Silly Obstacles

I stopped writing for a while.  I couldn’t figure out why as I really enjoyed doing it.  And for the most part I appreciated the comments and the feedback I received from the 3 people that read my posts and commented.  But for some reason I just couldn’t bring myself to continue with the endeavor.  And it was really bugging me that I couldn’t pinpoint the cause or the event that precipitated my ceasing to put fingers to keys (the modern day version of pen to paper I guess!).  I let it sit for a really long time and didn’t do anything about it.  I didn’t even think about the issue, or so I thought.  It was never far from my brain.  I’d ruled out having nothing to say because honey I ALWAYS have something to say.  Just ask my closest friends and family.  I’m sure they’d admit under their breath and out of my hearing that me having nothing to say would be a refreshing change of pace.  But there you have it, I’m a talker.  And a writer.

So what was with this aversion all of the sudden?  After cogitating (see Willie Shakespeare, I can make up words too!) on it for several weeks, ok months I know, I think I may have figured it out.  And it’s a situation that isn’t going to go away, especially if I have the kind of career I want to have going forward.  The details of the issue aren’t important.  What is key here is realizing I was letting someone stop me from expressing myself fully.  That’s an old behavior I thought I’d put on the shelf long ago.  Apparently not.  I was surprised it reared back up but there you have it.  It’s back and needs to be dealt with.  And the pen needs to be put to paper once again.

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Sliding into Home

I have been blessed with 8 nieces and nephews.  More nephews than nieces but I’m partial to both.  My brother and sisters were kind enough to select me to be the Godmother of the oldest and the youngest, both boys.  Let me tell you, the youngest one is a pistol and being around him is a blast.  He’s sharp as a tack and built like a toddler linebacker, an interesting combination.  The oldest one is very observant, serious, smart, impatient and likes to know he’s got a handle on everything, that’s he’s in control of his environment.  He’s a good student although I wish he liked to read more as it opens up your world so much.  Whatever Aunt Pam.  Sometimes I feel as if I’ve turned into the adults from the Peanuts cartoon when I’m talking to the kids, so much “wah, wah, wah”.  But start talking to him about sports and watch his face light up.  He’s a huge sports fan, from baseball to golf to football to basketball.  He’s truly a student of the game and it shows in how much he can tell you about any subject.  He’s also an active participant of several sports.  He plays football in the fall, baseball in the spring and has a really nice natural golf swing he breaks out in the summer, which makes his Nana very happy to see.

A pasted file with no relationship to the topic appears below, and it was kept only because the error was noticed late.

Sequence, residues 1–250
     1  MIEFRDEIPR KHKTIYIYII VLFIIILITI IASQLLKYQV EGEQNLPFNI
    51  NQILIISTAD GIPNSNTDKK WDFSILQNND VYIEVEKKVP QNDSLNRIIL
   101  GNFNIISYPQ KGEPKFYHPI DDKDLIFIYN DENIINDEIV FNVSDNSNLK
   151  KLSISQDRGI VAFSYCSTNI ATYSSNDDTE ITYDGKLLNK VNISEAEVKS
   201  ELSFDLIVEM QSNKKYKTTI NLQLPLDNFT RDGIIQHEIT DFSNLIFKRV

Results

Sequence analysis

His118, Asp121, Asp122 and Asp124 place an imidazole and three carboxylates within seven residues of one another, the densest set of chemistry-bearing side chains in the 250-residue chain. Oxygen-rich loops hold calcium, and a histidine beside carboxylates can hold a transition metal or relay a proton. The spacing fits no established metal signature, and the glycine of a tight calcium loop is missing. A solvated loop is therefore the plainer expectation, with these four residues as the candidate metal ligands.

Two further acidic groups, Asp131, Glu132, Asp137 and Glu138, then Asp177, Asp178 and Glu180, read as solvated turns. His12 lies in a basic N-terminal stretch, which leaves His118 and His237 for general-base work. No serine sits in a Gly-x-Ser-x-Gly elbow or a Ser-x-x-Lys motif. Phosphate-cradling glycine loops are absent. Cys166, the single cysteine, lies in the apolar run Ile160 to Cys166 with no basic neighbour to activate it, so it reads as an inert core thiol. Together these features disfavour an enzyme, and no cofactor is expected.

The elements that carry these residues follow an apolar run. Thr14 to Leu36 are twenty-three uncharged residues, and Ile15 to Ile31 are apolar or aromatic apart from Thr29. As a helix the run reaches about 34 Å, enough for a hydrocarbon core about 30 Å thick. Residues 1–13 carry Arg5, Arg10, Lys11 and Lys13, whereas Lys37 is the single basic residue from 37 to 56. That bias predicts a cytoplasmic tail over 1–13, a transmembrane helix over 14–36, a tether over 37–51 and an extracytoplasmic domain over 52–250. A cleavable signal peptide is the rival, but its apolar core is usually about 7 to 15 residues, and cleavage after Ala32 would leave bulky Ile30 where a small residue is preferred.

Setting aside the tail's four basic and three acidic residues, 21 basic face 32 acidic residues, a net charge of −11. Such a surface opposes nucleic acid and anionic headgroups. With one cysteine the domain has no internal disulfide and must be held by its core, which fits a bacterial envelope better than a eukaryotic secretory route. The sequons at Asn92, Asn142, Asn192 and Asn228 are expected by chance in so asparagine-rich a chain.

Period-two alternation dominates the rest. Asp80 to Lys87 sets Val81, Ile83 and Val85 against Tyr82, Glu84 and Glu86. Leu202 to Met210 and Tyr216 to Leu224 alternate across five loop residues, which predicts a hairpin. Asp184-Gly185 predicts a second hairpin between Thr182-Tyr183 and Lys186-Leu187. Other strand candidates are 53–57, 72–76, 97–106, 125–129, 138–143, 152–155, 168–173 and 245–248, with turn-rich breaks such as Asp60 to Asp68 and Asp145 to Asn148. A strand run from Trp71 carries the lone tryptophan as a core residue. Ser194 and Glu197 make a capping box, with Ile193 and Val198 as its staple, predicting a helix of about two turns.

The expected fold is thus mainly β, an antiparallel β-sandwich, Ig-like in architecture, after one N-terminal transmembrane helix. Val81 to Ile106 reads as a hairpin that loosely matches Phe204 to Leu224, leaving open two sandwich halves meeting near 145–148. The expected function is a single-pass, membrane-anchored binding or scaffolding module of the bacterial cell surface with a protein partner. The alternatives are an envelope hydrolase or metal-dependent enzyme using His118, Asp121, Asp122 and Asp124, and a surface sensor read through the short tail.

Since it is Spring, we are in the midst of baseball season for all the kids even the girls.  Every game counts for each team as it gets closer to the playoffs.  This particular game was a real nail biter as it went down to the closing innings and our team was behind.  My nephew is leading off third as the pitcher throws a wild pitch.  He takes off down the baseline and slides into home plate.  Only his cleat catches on the base and his leg goes one way and he goes the other.  Followed by the pitcher falling on him.  Snap!  You could hear it pretty far away.  Both bones, tibia and fibula, broken.  As he was being carried off the field for the trip to the emergency room, tears streaming down his face, he looks up at his coach and asks “was I safe?”  He was.  As the tears resume, he stops them once again to ask “did we win?”  The game wasn’t over but it was the go ahead run.